A few weeks ago, as my daughter was helping me put away her birthday decorations so that we could hang up the Halloween decorations, I made the suggestion that we move a few things and try something new.
She retorted, horrified, “We can't do it that way! That's not our tradition!” Have you ever considered how traditions come into being?
Traditions begin with a desire to mark an occasion. We take action. The action is well-received and feels right. So we do it again. It becomes a ritual. We repeat the ritual, and the action becomes how we mark a season or significant event. Over time, the ritual morphs into a tradition, and traditions, as I learned with my daughter, can become set in stone.
Sometimes traditions are the right choice at the right time. Take birthdays in our home, for example. We gather family for a special dinner on the literal birthday (never early or late), and the birthday boy or girl gets to choose the menu, no holds barred. We gather, we eat, we sing, and we end with everyone telling the honoree what they love about them. The tradition is beautiful, and I love it.
Sometimes traditions become drudgery. Take Elf On The Shelf, for example. We were gifted an Elf by a family member in front of our children, and with no where to hide, we embraced the Elf, named him, brought him into our home, and became slave to the expectation of moving that damn doll every night for a month. The idea of stopping this “tradition” in the early years of our family, when all of our children were young, was unthinkable to them. Sigh. Fine, we will keep the tradition of Elf On The Shelf, but the second that our youngest was beyond the age of believing the elf flew to the north pole every night, we were done with the elf and never looked back.
I mention all of this for two reasons. First, be careful what you begin. Holidays and special occasions are abundant and each require their own set of tasks. In the beginning, full of energy and desire to do it all, we can fall into the trap of biting off more than we can sustain for twenty years. It is ok to be judicious and intentional with how you choose to spend your limited resources of time, money, and energy. You do not have to do it all.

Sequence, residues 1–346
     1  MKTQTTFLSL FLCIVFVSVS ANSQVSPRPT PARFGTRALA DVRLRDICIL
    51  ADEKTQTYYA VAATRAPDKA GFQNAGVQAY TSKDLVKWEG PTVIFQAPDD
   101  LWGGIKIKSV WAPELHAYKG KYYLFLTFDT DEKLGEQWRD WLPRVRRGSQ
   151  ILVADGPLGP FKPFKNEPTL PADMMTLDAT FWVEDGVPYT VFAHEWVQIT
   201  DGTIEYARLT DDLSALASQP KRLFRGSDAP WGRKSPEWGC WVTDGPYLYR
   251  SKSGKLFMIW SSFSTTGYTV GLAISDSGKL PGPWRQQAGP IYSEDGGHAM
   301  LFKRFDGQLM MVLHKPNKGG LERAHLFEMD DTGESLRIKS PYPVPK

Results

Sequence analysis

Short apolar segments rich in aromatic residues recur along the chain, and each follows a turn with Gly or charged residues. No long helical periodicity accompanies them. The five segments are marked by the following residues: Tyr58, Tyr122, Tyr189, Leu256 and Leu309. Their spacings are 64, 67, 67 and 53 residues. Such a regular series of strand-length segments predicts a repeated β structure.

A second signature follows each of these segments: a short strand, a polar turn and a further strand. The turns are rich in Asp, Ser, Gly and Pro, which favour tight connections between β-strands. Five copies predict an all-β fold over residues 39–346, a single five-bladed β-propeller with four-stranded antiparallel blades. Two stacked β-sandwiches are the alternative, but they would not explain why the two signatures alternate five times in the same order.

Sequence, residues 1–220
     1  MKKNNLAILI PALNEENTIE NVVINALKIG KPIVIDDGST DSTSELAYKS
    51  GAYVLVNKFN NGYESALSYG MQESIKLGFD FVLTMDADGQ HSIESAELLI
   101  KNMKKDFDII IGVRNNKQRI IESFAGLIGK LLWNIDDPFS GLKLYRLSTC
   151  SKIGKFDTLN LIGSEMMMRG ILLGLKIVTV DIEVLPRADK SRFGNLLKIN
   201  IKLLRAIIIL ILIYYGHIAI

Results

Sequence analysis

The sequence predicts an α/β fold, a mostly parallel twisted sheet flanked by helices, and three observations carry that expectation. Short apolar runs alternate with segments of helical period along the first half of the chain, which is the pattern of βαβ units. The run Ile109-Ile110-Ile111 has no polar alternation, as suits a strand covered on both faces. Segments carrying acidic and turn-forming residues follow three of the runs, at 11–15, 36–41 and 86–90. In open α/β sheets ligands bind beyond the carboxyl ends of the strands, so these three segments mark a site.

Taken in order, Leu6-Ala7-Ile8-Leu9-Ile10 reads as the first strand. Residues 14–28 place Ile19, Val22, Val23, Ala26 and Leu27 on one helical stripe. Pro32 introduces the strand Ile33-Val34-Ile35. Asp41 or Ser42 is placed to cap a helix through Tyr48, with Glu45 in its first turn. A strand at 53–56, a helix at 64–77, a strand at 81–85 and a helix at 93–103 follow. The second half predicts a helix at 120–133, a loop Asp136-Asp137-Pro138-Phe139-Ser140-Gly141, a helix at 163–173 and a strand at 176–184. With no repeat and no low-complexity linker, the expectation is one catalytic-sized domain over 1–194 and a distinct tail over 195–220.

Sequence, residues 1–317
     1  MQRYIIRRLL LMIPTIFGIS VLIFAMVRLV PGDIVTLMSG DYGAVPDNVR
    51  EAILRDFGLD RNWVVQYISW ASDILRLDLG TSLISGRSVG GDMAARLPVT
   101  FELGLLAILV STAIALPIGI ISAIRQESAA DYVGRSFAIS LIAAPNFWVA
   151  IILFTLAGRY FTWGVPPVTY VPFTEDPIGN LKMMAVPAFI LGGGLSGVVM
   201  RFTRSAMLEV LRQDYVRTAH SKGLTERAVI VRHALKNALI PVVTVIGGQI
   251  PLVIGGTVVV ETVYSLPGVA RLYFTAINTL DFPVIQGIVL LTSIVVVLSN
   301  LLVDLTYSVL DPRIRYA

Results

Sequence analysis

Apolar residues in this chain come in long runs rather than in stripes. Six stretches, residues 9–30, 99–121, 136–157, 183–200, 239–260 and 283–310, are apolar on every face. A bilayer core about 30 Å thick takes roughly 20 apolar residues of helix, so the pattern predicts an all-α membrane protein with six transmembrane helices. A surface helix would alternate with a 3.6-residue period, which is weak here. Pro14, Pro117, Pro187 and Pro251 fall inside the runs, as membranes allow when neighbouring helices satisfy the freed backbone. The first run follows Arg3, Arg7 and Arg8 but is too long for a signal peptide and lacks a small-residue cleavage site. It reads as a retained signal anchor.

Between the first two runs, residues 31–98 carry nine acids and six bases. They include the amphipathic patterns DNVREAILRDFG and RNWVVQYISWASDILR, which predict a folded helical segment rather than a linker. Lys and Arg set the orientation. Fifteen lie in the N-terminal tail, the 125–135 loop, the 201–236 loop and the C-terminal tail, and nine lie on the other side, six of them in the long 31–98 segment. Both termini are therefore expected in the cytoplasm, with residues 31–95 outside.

Second, when a set of actions no longer serves you, when you feel slave to the tradition, it's time to evaluate its merit in your home. Doing things for the sake of doing them is not a big deal when you are talking about an elf who will obviously not become a part of your long term family lore. But doing things out of a sense of obligation is not the heart of celebration. Traditions should enhance your enjoyment of a certain season, bringing a spark of joy and delight as you engage in them.
Where do you find yourself in relation to your traditions? Which ones serve and delight? Which ones are tired and feel like drudgery? Maybe it's time to cull through our collection of seasonal activities and fully commit to the ones that we love and let go of the ones that we dread.
True, some tradition auditing is out of our control, but engaging in the exercise of examining our traditions both as they unfold and as we continue them is a way to preserve what matters most to us during the holidays.
"Last week I made a batch of Jessica's Game Day Beer Chili, and today I am insisting that you add this recipe to your cold-weather dinner line up. Game Day Bear Chili is hearty, sweet, smoky, thick, and different in a way that inspired me to share it with you today. ."
image via howsweeteats.com
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